Gain in Transmission

It constantly amazes and intrigues me how human individuals operate in networks to formulate, clarify and standardise ideas, tools, machines, procedures and systems. Several decades ago, Renewable Electricity from sources such as wind power was considered idealistic vapourware, esoteric, unworkable and uncertain, and now it’s a mainstream generator of reliable electricity in the UK’s National Grid. Who would have thought that invisible, odourless, tasteless gas phase chemicals would heat our homes ? It’s now just so normal, it’s impossible to imagine that Natural Gas was once considered to be so insignificant that it was vented – not even flared – from oil wells.

Judging by the sheer number of people working on aspects of Renewable Gas, I expect this too to be mainstream in the energy sector within a decade. What do others think ? I have begun the process of asking, for example, see below.

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from: Jo Abbess
to: Richard A. Sears
date: Mon, May 2, 2011 at 11:59 PM
subject: Question from your TED talk

Dear [Professor] Sears,

I was intrigued by your TED talk that I recently viewed :-

http://www.ted.com/talks/richard_sears_planning_for_the_end_of_oil.html

Yes, I am interested in the idea of “printing” solar cells, which is what I think you might be alluding to with your reference to abalone shells.

But I am more interested in what you base your estimate of “Peak Gas” on. I recently did some very basic modelling of hydrocarbon resources and electricity, which look somewhat different from the IEA and EIA work and reports from BP and Royal Dutch Shell. My conclusion was that Peak Oil is roughly now, Peak Natural Gas will be around 2030, and Peak Electricity around 2060 :-

http://www.joabbess.com/2011/02/11/future-energy-tipping-points/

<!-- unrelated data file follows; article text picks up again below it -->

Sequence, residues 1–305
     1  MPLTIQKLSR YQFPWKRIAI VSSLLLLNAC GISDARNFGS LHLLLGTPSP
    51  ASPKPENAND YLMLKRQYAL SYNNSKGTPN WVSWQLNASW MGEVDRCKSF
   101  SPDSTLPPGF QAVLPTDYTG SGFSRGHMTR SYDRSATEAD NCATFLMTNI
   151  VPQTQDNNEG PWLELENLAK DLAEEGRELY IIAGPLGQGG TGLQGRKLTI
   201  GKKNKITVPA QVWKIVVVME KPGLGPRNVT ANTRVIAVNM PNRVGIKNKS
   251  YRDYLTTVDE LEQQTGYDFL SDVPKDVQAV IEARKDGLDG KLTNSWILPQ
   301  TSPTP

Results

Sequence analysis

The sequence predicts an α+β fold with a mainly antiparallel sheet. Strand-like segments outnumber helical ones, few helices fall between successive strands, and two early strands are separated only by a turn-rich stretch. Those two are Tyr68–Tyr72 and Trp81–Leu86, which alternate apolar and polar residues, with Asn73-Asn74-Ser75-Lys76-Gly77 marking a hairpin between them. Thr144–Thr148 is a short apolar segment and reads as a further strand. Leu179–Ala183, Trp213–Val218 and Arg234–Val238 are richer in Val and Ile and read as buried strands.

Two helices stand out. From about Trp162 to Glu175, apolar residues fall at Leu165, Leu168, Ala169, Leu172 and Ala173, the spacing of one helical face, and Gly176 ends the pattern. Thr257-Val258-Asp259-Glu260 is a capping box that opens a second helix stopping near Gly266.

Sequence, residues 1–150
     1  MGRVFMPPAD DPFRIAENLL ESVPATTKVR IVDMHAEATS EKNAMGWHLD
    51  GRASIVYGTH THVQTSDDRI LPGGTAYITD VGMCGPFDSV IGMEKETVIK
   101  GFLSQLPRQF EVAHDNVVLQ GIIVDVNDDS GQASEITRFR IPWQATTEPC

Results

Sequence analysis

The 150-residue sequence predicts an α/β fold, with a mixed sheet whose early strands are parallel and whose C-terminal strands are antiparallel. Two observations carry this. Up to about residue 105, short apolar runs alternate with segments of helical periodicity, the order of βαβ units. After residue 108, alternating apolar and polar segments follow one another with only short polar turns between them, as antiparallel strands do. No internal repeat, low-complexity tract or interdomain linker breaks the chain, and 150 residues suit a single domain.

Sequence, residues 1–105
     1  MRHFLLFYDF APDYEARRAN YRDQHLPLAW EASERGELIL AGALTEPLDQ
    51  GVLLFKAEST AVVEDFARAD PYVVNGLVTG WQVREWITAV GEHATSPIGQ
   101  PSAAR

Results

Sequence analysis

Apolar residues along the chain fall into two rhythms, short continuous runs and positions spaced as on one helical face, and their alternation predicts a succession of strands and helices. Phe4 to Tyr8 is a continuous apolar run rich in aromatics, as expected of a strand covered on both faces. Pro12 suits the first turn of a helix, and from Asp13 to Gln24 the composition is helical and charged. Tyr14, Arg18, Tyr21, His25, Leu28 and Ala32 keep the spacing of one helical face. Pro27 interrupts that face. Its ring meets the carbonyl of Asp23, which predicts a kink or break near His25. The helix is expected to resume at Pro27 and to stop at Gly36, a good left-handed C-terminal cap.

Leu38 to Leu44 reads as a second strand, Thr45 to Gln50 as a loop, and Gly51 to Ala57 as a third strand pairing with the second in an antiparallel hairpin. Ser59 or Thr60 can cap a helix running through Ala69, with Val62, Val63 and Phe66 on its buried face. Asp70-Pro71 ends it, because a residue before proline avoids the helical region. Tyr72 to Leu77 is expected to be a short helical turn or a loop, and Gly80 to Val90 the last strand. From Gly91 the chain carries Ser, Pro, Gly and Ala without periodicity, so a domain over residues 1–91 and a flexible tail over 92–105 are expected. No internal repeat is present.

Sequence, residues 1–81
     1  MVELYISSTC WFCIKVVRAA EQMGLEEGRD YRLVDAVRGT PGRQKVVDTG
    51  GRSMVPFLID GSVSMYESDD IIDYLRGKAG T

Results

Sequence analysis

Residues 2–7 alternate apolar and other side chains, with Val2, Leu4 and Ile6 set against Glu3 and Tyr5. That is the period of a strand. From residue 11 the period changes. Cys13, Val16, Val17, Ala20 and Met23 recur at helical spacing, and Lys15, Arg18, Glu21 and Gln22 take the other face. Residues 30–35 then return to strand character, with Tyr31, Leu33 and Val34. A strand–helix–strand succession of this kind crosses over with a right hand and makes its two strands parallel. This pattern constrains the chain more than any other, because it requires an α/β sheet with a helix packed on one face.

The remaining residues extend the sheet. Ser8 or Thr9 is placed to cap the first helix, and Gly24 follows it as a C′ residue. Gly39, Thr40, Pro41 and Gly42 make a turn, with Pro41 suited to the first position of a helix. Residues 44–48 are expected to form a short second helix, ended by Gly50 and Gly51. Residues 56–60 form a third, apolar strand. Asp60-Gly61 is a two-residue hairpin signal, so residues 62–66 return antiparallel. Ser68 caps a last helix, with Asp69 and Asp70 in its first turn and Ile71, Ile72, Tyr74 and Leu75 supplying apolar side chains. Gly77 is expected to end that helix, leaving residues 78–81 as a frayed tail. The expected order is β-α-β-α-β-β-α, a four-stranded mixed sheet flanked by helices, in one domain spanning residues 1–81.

I am going to try to improve these charts before I submit my MSc Masters Thesis, so I am trying to find out what other people base their projections on. Could you help me by pointing me at the basis of your assessment of Peak Natural Gas ?

Thank you,

jo.

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from: Richard A. Sears
to: Jo Abbess
date: Thu, Oct 24, 2013 at 5:30 PM

Jo,

I am just now finding a number of old emails that got archived (and ignored) when I moved from MIT to Stanford a few years ago. A quick answer is that I did about what Hubbert did in 1956. No detailed statistical modeling, just look at the trends, think about what’s happening in the industry, and make what seem like reasonable statements about it.

A number of interesting things have happened just in the last two years since you wrote to me. Significantly, US oil production is on the rise. When you count all hydrocarbon liquids, the US is or will soon be, the world largest producer. This just goes to one of my points from TED. Don’t expect oil and gas to go away any time soon. There are plenty of molecules out there. I first said this internally at Shell in the mid 1980’s when I was Manager of Exploration Economics and since then I’ve felt that I got it about right.

I did just look at your website and would caution you about extrapolating very recent trends into the future. The rate of growth in shale gas production has slowed, but there’s an important economic factor driving that. Gas prices in the US are very low compared to oil. With the development of fraccing technology to enable oil and liquids production from shale formations, the industry has shifted their effort to the liquids-rich plays. A few statistics. Gas is currently around $3.50/mcf. On an energy equivalent basis, this equates to an oil price of about $20/barrel. Brent currently sells for $110/barrel and the light oils produced from the shale plays in the US are getting between $90 and $100/barrel, depending on where they can be delivered. As a consequence, in the 3rd quarter of 2013, compared to one year ago, oil well completions are up 18% while natural gas well completions declined 30%.

Yes, you are right. Printing solar cells is an example of what I was talking about with Abalone shells. Similarly, what if you had paint that as it dried would self assemble into linked solar cells and your entire house is now generating electricity. I was totally amazed at the number of people that didn’t actually think about what I was saying and called me an !d!*t for imagining that I was going to transform coal itself into some magical new molecule. […]

In any case, I think it’s good that you’re thinking about these problems, and importantly it appears from your website that you’re thinking about the system and its complexity.

Best regards,
Rich Sears